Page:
Photo Credit: Dina Telhami/flickr open/getty images
Muscles can become sore for a multitude of reasons. Whether you’re sore from a recent workout or you simply slept the wrong way, your muscles can react to the unusual movement and become tight and stiff. But not to worry -- there are stretches to help soothe your soreness.
Before intense stretching, it’s best to warm up the body with a brisk walk or jog for 5 to 10 minutes -- just to loosen your muscles and maximize the benefits of your stretching. Never stretch further than what is comfortable for you.
For sore biceps:
Stand with your back about arm's length away from a wall. “Start off standing with good posture and extend your right arm straight back, with a straight elbow,” suggests Marilyn Moffat, Ph.D., Professor of Physical Therapy at New York University. Press the back of your right hand against the wall. Once you are comfortable, gently bend your knees to really feel the release and stretch in the bicep. Hold for 30-60 seconds and then repeat with the other arm (if needed).
For sore triceps:
“This stretch you can do sitting or standing, as long as you are in good postural alignment,” says Moffat. Start by reaching your right hand up over your head. Then bring your hand down toward the middle of your back -- go as far as comfortably possible. If you need more of a stretch, gently push down on the right elbow with your left hand. Hold for 30-60 seconds.
For sore shoulders:
This is another stretch you can do either sitting or standing. Start with your chin tucked in. Reach your right arm up and let your right hand reach toward the middle of your back. Your elbow should be behind your head, your right palm should be touching your body and your fingers should be pointing downward. Then, reach your left arm out to the side and bring your left hand toward the middle of your back with your palm facing outward and fingers pointing upward. Try to touch or overlap your middle fingers. This will make the shoulders move in their general range of motion and help release any built up tension.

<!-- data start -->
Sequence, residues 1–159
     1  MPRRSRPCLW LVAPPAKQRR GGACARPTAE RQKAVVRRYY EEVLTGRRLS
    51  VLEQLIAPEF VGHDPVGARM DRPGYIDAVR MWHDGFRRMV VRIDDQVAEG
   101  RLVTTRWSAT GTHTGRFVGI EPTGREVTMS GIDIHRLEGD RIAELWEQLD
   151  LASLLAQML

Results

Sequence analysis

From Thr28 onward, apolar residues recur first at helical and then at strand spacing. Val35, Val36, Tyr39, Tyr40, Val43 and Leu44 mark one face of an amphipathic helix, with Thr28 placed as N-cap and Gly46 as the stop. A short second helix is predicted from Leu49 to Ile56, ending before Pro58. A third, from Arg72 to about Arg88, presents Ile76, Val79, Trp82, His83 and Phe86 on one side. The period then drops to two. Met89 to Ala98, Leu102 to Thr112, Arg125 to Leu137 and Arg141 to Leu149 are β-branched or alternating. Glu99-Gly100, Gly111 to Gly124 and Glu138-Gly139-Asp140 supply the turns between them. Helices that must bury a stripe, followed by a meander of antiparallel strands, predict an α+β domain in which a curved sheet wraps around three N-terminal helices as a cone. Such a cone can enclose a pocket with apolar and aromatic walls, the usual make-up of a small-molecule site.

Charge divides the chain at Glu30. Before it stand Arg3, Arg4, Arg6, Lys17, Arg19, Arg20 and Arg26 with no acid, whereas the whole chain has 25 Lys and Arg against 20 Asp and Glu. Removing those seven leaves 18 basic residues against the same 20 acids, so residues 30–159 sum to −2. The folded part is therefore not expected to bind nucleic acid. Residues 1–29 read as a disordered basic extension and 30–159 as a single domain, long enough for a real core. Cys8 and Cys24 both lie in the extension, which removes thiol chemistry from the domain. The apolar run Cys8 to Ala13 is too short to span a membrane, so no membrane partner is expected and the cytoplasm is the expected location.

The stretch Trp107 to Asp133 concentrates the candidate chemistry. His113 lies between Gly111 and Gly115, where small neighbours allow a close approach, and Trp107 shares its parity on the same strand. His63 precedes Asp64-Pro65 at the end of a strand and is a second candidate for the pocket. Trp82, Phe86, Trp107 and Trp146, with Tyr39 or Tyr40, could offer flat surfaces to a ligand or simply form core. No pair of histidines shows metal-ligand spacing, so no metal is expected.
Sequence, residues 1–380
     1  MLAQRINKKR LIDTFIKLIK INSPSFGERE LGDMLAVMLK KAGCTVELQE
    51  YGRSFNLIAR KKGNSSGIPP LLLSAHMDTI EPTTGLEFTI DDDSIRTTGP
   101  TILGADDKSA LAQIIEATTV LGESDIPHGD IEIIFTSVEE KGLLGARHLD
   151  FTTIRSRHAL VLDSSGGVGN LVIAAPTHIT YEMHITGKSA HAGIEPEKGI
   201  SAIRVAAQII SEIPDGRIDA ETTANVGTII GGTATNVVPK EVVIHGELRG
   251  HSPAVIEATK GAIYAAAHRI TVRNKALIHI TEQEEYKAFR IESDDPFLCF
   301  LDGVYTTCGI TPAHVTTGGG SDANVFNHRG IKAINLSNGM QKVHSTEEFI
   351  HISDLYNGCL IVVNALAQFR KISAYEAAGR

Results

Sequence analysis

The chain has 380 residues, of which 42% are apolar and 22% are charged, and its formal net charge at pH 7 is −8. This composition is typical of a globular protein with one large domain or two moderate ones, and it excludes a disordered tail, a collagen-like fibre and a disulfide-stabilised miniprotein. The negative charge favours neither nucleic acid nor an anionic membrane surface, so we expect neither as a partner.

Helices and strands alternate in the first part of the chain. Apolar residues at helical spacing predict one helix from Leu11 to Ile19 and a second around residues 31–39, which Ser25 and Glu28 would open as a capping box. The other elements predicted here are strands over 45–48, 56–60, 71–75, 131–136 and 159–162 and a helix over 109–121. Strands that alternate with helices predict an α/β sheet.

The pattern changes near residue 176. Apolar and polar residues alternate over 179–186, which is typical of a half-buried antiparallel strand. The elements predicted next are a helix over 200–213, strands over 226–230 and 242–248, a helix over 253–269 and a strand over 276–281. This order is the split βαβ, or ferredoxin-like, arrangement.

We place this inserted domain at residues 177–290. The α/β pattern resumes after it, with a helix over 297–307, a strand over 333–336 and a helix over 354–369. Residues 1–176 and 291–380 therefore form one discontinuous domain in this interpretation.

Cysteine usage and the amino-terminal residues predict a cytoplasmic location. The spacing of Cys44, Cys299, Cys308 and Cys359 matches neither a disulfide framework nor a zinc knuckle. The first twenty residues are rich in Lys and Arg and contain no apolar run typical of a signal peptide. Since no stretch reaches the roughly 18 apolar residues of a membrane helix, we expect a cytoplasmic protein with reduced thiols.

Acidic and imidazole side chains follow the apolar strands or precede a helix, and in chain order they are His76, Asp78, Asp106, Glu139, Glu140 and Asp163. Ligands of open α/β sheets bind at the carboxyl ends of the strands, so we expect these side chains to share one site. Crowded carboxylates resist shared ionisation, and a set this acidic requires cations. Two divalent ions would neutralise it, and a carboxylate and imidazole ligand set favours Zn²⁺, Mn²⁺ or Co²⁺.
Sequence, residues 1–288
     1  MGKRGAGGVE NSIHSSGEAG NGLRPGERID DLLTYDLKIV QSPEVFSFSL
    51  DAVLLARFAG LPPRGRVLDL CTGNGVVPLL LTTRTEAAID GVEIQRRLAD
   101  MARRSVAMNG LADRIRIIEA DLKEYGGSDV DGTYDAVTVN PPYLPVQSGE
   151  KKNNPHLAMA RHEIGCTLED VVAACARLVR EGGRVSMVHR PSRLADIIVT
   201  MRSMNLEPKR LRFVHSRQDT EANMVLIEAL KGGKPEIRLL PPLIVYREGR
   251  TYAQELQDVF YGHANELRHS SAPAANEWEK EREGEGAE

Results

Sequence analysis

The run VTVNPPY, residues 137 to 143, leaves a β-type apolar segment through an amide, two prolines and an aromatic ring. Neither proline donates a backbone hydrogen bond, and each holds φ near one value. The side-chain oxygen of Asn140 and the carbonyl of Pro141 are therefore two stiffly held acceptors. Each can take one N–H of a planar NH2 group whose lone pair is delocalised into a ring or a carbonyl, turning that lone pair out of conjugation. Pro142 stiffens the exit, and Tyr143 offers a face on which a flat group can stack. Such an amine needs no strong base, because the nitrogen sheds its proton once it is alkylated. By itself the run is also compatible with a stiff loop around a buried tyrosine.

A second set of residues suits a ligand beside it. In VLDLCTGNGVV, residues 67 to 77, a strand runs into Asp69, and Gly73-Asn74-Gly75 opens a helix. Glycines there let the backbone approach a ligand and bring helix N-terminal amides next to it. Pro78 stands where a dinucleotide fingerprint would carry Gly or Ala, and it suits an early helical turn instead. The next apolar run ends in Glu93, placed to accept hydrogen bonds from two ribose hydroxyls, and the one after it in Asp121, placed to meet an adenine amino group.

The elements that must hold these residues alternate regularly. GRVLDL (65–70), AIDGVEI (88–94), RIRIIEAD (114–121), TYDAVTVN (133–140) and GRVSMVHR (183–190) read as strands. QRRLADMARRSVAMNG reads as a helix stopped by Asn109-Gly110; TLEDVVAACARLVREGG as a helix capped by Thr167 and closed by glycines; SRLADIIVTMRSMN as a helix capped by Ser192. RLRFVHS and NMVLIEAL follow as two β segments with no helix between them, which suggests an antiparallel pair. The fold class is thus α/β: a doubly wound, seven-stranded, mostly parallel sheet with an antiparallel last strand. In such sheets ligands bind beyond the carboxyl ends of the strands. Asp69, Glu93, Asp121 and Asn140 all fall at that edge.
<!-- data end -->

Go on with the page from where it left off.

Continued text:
For sore calves:
Stand facing a wall and place the ball of your foot up against it. Lean your hips and chest into the wall and hold for a slow count of 20. Repeat two more times.
“It’s good because it gets the calf and the Achilles tendon, and tightness in this area can increase the risk of plantar fasciitis or heel spurs,” Michele Olson, Ph.D., a fellow of the American College of Sports Medicine.
For sore thighs:
Get in a lunge with your right leg behind you. Gently place your right knee, shin and front of foot down on the floor. Squeeze your glutes, lean forward onto the front leg and tuck your pelvis under you.
“This is an excellent stretch for the front of the thigh and hip flexors. Many individuals with tight quads and hip flexors have difficulty squatting down to pick up their purses or common items such as groceries bags and end up straining the back muscles.”
For a sore butt:
Sit on the floor with straight legs. Bend your left leg, and bring your left foot to the outside of your right leg. Rotate your torso so you are facing the left. Use your right arm to pull your left thigh inward. “You will feel an amazing stretch in the deep gluteals," Olson says. Repeat on the opposite side.
For sore abs:
Lay face down and place your hands under your shoulders. Press up on your forearms to lift your upper body away from the floor. Look straight ahead.
“This move will stretch your abs and allow your spine to reposition itself, helping you to keep a balance between the abs muscles on the front of your trunk and your back muscles along the spine,” Olson says.
For a sore upper back:
“Try the ‘fake hug’ stretch,” suggests Liz DiAlto, a fitness and lifestyle coach in New York City. You can do this standing or seated. With your spine in a neutral position, reach your arms forward (parallel to the ground) and grab each elbow with the opposite hand. Once you're in this position, drop your head (let it hang naturally), then round your upper back and gently pull on each elbow. Play around with this to feel the stretch in different areas of the upper back. You can pull side to side or up and down. When you find the position that feels like the best stretch for you, hold it there.
For a sore lower back:
Lay on your back and hug your knees tightly into your chest first. Release the knees but keep your feet off the floor -- your legs should stay bent at about 90 degrees. Keep your hands on top of your knees and gently guide them first in clockwise circles, then reverse to counter clockwise circles.
For a sore chest:
“Remember the scene from Titanic where Jack is shouting 'I'm king of the world'? You're going to do exactly that, but in a doorway,” DiAlto explains. Stand a few inches in front of a doorway, reach your arms back to grab hold of the wall behind you and slowly, with control, lean forward. You will feel this stretch opening your chest. Depending on your flexibility move farther away from the doorway or closer to it.
It’s important to remember that there is both “good” soreness and “bad” soreness, and it's equally important to be able to differentiate between the two. “A mild discomfort during stretching is fine,” Moffat advises, “but pain is not.” Be sure to consult your doctor with any serious pain you may be experiencing, especially if the soreness persists or worsens.